Psalms 41

* God's care for his people. (1-4) The treachery of David's

enemies. (5-13)1-4 The people of God are not free from poverty, sickness, or

outward affliction, but the Lord will consider their case, and

send due supplies. From his Lord's example the believer learns

to consider his poor and afflicted brethren. This branch of

godliness is usually recompensed with temporal blessings. But

nothing is so distressing to the contrite believer, as a fear or

sense of the Divine displeasure, or of sin in his heart. Sin is

the sickness of the soul; pardoning mercy heals it, renewing

grace heals it, and for this spiritual healing we should be more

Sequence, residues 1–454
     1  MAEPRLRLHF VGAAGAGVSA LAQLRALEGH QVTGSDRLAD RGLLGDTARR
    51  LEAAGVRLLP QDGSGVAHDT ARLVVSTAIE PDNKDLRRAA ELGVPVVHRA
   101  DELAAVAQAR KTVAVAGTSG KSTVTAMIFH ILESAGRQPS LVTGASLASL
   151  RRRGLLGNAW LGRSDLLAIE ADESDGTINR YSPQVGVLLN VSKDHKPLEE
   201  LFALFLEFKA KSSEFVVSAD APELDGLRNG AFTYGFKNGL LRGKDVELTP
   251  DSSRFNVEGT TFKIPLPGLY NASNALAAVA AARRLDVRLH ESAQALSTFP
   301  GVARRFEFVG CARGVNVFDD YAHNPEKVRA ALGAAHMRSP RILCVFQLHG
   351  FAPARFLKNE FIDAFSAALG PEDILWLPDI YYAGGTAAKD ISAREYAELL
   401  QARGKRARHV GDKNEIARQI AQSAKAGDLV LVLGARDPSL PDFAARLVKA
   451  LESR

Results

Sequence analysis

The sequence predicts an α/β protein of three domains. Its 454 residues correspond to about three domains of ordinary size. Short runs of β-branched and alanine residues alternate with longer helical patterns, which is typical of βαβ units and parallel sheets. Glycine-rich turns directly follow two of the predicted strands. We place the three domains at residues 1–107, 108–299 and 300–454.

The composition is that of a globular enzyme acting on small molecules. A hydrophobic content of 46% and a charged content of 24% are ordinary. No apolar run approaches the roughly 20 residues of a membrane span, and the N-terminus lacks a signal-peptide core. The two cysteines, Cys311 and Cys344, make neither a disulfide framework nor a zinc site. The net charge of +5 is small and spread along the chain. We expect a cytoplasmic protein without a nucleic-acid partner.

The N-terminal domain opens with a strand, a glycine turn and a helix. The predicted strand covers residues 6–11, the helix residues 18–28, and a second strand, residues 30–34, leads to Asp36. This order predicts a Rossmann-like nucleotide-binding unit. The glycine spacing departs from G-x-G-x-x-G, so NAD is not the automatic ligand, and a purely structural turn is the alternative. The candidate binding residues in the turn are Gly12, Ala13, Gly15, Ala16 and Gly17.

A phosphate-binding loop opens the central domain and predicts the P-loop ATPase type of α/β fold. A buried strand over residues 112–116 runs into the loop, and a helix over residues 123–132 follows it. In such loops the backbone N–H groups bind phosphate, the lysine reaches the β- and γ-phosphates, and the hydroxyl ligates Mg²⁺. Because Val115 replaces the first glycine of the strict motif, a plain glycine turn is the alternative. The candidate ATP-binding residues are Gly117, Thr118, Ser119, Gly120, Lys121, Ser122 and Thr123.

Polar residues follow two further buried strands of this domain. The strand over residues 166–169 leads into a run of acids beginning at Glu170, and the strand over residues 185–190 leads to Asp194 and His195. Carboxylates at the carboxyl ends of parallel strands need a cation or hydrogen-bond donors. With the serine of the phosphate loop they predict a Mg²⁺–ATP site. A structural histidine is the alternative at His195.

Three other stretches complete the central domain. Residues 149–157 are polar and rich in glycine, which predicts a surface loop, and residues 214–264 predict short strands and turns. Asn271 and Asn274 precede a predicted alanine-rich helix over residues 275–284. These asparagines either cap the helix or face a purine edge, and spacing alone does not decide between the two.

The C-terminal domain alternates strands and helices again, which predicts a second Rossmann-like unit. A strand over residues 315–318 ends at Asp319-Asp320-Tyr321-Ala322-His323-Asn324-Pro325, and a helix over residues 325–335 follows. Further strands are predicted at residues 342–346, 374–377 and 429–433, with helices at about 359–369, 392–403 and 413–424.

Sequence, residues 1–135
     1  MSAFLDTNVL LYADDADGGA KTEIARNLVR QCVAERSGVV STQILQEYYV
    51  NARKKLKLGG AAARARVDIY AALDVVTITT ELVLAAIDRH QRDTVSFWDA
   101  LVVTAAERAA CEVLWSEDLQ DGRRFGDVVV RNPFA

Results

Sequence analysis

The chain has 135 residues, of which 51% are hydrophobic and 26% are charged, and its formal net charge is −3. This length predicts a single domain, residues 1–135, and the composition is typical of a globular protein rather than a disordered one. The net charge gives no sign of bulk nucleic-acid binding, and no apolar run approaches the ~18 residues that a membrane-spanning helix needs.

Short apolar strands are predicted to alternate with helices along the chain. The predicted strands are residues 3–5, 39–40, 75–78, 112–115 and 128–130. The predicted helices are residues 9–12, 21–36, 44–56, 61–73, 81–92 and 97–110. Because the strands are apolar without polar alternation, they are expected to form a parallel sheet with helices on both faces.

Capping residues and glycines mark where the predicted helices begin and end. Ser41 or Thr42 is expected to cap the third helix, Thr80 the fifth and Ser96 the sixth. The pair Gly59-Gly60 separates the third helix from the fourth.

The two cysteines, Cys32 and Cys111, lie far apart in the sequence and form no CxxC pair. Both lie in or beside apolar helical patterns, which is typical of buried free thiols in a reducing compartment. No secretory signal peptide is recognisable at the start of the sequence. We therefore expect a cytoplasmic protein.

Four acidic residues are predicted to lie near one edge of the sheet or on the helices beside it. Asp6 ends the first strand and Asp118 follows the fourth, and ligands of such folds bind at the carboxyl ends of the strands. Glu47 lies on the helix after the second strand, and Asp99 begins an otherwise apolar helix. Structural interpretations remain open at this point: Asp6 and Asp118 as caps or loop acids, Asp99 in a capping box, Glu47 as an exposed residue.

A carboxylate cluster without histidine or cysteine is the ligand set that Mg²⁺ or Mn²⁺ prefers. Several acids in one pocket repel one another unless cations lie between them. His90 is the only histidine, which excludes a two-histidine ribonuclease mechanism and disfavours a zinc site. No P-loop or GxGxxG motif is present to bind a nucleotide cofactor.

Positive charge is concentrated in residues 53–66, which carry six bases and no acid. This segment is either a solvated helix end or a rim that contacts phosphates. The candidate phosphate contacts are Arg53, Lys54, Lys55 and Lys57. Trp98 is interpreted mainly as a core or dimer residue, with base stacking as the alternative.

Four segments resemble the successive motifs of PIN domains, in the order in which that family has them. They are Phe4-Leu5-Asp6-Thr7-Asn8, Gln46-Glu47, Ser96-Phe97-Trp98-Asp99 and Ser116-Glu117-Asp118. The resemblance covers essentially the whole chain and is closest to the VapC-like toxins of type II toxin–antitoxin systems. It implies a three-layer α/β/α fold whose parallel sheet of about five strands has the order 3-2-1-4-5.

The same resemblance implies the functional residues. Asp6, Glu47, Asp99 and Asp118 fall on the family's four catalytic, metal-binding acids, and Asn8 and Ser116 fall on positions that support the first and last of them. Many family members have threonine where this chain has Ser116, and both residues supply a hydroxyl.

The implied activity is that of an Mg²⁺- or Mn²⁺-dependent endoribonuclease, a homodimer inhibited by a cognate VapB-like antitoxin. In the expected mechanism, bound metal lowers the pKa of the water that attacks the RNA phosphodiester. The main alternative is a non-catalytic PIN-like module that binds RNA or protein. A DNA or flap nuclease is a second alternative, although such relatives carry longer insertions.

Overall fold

earnest than for bodily health.
5-13 We complain, and justly, of the want of sincerity, and

that there is scarcely any true friendship to be found among

men; but the former days were no better. One particularly, in

whom David had reposed great confidence, took part with his

enemies. And let us not think it strange, if we receive evil

from those we suppose to be friends. Have not we ourselves thus

broken our words toward God? We eat of his bread daily, yet lift

up the heel against him. But though we may not take pleasure in

the fall of our enemies, we may take pleasure in the making vain

their designs. When we can discern the Lord's favour in any

mercy, personal or public, that doubles it. If the grace of God

did not take constant care of us, we should not be upheld. But

let us, while on earth, give heartfelt assent to those praises

which the redeemed on earth and in heaven render to their God

and Saviour
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